ECHO: Nearly six months in fact… (she pats her pregnant stomach)
And do you remember our last night together?
NARCISSUS: How could I forget?
ECHO: Well, we managed to make a little something together…
NARCISSUS: You’re not serious?
ECHO: And you said you’d always stay with me, no matter what happened.
NARCISSUS: I suppose I did…
ECHO: Luckily, I get extra rations of water because of the baby.
NARCISSUS: (suddenly interested) You do?
ECHO: And everyone’s been so nice, and so helpful, and I’m hoping they’ll let me on the boat eventually because of the baby.
NARCISSUS: The boat, you say?
ECHO: Yes, but they think I need protection, being a woman travelling on her own, with a baby and all.
NARCISSUS: Just give me a while to think about this, umm… Echo?

CLOTHO: You’re not really pregnant, are you?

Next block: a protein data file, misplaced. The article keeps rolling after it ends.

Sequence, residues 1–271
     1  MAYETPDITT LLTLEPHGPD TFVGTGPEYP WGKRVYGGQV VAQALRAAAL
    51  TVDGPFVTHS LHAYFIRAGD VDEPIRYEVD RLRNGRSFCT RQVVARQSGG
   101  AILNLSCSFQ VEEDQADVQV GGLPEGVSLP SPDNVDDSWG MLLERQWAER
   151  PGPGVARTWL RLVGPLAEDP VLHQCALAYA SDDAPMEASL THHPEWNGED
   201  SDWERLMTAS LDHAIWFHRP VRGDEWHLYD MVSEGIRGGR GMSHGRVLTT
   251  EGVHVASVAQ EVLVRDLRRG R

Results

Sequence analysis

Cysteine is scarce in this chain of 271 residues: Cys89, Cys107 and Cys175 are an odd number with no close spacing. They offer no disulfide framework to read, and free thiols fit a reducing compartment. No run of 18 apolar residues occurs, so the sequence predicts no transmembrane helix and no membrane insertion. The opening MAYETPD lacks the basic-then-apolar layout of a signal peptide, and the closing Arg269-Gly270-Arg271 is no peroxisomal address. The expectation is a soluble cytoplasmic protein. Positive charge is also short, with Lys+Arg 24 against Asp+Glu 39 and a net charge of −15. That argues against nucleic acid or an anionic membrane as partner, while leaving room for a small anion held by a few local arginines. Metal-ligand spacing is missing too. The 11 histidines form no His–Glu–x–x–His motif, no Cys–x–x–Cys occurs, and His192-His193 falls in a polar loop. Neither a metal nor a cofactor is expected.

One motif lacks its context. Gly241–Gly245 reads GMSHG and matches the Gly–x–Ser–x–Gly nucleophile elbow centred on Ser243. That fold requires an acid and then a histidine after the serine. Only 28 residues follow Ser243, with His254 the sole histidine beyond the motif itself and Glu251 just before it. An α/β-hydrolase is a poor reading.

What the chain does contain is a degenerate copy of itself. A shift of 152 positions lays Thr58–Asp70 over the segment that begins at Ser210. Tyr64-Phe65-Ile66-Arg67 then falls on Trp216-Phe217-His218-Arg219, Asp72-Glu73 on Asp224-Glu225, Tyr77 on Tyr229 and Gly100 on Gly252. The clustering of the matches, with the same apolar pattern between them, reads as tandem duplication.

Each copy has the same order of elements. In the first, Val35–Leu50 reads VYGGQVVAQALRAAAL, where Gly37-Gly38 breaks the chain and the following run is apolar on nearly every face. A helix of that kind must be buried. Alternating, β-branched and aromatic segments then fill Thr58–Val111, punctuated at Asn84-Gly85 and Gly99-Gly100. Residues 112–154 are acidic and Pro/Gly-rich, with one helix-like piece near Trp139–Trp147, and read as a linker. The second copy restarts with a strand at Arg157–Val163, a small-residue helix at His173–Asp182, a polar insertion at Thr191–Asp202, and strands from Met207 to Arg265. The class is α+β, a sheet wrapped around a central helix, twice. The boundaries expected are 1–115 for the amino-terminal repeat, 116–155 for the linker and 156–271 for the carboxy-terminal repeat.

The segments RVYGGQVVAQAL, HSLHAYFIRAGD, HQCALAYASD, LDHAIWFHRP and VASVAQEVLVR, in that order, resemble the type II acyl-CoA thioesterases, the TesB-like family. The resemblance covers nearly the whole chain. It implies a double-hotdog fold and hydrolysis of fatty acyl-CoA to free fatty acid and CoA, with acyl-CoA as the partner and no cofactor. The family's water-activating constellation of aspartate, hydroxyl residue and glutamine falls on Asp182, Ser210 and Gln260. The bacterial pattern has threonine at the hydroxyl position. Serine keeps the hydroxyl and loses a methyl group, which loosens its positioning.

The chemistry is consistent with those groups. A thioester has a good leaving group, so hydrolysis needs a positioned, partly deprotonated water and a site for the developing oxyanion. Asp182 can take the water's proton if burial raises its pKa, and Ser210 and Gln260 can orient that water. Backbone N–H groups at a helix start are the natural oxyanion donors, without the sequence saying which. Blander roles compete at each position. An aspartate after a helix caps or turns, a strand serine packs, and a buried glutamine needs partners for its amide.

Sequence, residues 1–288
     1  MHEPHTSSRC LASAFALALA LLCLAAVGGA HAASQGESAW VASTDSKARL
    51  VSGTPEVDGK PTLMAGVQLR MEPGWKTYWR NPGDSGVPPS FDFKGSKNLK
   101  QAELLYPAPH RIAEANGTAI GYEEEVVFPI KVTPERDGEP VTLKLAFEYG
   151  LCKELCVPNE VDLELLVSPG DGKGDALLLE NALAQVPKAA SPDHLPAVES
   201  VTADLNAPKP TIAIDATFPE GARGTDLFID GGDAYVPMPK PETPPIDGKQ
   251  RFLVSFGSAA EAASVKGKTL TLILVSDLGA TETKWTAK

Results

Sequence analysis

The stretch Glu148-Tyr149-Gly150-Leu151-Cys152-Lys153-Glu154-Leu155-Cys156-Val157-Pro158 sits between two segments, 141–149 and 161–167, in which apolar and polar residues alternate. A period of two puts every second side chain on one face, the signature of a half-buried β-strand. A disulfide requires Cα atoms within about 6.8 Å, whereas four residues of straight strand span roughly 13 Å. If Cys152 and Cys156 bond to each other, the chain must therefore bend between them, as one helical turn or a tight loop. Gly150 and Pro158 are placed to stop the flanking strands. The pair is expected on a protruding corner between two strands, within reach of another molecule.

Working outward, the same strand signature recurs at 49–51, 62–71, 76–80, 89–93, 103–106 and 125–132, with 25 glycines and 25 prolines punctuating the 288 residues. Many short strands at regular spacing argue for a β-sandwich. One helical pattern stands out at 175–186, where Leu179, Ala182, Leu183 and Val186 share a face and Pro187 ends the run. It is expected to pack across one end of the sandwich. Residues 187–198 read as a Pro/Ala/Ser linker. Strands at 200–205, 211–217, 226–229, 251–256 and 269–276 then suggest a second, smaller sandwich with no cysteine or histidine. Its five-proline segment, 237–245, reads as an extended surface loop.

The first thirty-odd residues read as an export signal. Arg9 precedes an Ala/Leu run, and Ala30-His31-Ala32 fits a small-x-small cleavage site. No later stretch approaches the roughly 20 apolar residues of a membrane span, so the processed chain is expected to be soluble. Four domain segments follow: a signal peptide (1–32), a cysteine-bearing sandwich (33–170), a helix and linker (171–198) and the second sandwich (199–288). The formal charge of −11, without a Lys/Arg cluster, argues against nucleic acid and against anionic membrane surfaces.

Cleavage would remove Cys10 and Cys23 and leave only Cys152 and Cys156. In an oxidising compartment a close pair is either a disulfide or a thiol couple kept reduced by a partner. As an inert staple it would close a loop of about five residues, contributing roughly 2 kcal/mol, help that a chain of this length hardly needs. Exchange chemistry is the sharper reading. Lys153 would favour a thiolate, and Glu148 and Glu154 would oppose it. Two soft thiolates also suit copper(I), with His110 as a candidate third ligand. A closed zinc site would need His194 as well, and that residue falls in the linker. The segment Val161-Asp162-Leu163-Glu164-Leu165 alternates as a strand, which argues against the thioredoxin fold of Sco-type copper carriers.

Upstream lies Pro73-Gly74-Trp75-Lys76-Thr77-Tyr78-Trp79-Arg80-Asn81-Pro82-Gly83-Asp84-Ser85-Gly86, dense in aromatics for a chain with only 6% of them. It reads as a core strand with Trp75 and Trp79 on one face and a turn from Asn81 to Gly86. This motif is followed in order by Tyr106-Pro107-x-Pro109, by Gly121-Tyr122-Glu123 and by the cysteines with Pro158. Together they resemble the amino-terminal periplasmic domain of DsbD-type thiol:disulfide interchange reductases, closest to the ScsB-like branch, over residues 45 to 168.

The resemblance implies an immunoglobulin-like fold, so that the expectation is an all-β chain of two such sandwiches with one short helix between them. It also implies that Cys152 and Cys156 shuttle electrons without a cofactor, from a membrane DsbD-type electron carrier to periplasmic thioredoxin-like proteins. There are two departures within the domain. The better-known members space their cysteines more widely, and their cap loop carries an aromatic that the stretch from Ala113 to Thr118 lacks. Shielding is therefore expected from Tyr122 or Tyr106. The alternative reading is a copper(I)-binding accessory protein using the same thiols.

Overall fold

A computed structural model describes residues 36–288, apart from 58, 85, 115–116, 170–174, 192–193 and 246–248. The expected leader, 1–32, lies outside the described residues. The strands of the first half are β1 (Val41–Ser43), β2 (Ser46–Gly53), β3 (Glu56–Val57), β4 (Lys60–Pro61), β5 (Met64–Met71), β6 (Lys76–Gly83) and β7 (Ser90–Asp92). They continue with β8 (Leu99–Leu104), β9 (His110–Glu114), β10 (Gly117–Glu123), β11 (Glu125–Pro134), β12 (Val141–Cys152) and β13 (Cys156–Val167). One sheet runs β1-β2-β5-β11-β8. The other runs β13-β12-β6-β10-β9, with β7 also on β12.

ECHO: Yes I am!
CLOTHO: I know bundled rags when I see them, now don’t be greedy, can I have one of those to dry my feet?
ECHO: I’m pregnant, and you’d better not tell Narcissus about any of your cruel accusations!
CLOTHO: Oh, I see, telling a little white lie so he’ll stay with you. Won’t be so little for long…
Don’t worry, I won’t tell, anyway, he might be pleased to hear there isn’t a baby a-coming – Children don’t last long here before they get forgotten, and starve, or get eaten slowly by the maggots.

Short reunion sketch

Posted: February 15, 2011 in Creative Writing

(In the background) He ran away from you. He didn’t want you. You let him… What if you had stopped him; imprisoned him, and made your own cell a cell for two?

(Cerberus walks on stage followed by Echo, who mid-stage grabs Cerberus and turns him around)